Baltimore Ravens Quarterback Lamar Jackson and his teammate, Gus Edwards, have tested positive for COVID-19 and will miss a portion of training camp. In his absence, Trace McSorley and Tyler Huntley will share snaps during training camp practices.
The 2019 NFL MVP also tested positive during the 2020 NFL Season and was placed under health and safety protocols. However, he was cleared and able to play less than two weeks later against the Dallas Cowboys.
Jackson is the latest in a string of Black athletes to be sidelined by the coronavirus. NBA stars Bradley Beal, Jerami Grant and Zach LaVine were placed under health and safety protocols prior to the start of the 2021 Summer Olympic Games. LaVine and Grant were eventually cleared to play while Beal was forced to miss the opportunity to win a gold medal in Tokyo, Japan.
On a large scale, Jackson and Edwards are two new cases of COVID-19 in a worldwide surge. As previously mentioned, there has been a surge in COVID-19 cases involving athletes leading up to the Tokyo Olympics. Thus far, more than 120 athletes have tested positive for the virus prior to or during the 2021 Summer Olympic Games. Outside the walls of the Olympic Village, the city of Tokyo recorded 3,177 new COVID-19 cases on Wednesday morning. Unfortunately, the United States is not faring much better. In 48 U.S. states, the number of new COVID-19 cases has jumped by at least 10% within the last week. Of those 48 states, 34 of them have seen the number of new COVID-19 cases jump by 50% or more.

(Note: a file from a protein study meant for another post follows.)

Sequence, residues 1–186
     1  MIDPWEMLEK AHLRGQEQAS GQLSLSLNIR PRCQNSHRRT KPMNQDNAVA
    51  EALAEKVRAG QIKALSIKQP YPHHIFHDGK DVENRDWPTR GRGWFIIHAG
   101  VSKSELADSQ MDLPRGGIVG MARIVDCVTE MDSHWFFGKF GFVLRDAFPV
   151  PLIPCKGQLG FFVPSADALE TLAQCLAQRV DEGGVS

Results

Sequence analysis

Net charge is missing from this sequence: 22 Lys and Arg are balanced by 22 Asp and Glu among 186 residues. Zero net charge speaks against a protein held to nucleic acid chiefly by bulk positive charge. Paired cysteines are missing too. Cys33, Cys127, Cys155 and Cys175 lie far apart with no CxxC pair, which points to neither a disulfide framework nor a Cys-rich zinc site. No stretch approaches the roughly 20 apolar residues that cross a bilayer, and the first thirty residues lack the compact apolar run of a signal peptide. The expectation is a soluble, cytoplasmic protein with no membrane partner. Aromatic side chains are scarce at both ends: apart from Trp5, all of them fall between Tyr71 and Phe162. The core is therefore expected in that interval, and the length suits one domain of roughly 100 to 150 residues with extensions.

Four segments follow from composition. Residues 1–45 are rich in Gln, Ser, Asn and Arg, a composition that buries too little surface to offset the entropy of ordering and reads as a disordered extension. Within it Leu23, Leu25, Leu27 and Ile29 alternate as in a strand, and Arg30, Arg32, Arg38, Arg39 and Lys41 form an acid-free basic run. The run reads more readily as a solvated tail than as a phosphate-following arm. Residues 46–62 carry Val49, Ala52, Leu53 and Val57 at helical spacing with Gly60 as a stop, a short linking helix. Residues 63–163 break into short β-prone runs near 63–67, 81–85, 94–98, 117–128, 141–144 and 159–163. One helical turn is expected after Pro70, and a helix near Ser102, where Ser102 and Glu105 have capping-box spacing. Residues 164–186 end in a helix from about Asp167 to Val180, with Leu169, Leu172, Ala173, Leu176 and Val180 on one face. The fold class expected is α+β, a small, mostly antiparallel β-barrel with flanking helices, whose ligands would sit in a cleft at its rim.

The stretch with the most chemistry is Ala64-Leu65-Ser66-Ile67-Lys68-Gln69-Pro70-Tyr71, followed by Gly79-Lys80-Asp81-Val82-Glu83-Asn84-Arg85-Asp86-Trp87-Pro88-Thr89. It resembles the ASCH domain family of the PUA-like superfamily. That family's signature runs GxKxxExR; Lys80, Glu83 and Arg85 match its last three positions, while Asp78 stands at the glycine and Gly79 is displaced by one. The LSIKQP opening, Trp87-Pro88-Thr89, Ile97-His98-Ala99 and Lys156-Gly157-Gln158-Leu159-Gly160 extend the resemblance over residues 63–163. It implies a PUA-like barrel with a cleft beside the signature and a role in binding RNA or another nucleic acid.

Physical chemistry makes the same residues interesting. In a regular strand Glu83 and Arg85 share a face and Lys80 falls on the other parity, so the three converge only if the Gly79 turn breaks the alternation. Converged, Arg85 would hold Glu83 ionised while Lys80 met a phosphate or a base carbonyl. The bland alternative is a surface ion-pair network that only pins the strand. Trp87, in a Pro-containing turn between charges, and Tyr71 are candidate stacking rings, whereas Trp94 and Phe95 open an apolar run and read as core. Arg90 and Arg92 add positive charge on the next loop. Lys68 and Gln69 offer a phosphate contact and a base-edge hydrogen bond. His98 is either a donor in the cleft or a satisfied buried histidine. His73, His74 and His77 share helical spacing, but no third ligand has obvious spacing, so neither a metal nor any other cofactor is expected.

"More mitigation is coming. Whether it's masking, or whether it's closures or whether it's your kids having to return to virtual learning, that is coming," Dr. Jerome Adams said.
"And it's coming because this pandemic is spiraling out of control yet again. And it's spiraling out of control because we don't have enough people vaccinated."
To help mitigate the spread of the virus, the CDC has encouraged all U.S. residents to wear masks at indoor venues.
"This pandemic continues to pose a serious threat to the health of all Americans,” CDC Director Rochelle Wolensky said.
“Today, we have new science related to the delta variant that requires us to update the guidance regarding what you can do when you are fully vaccinated.”
At the time this article is written, less than 50% of Americans have been vaccinated. Moreover, less than 15% of the world's population has been vaccinated.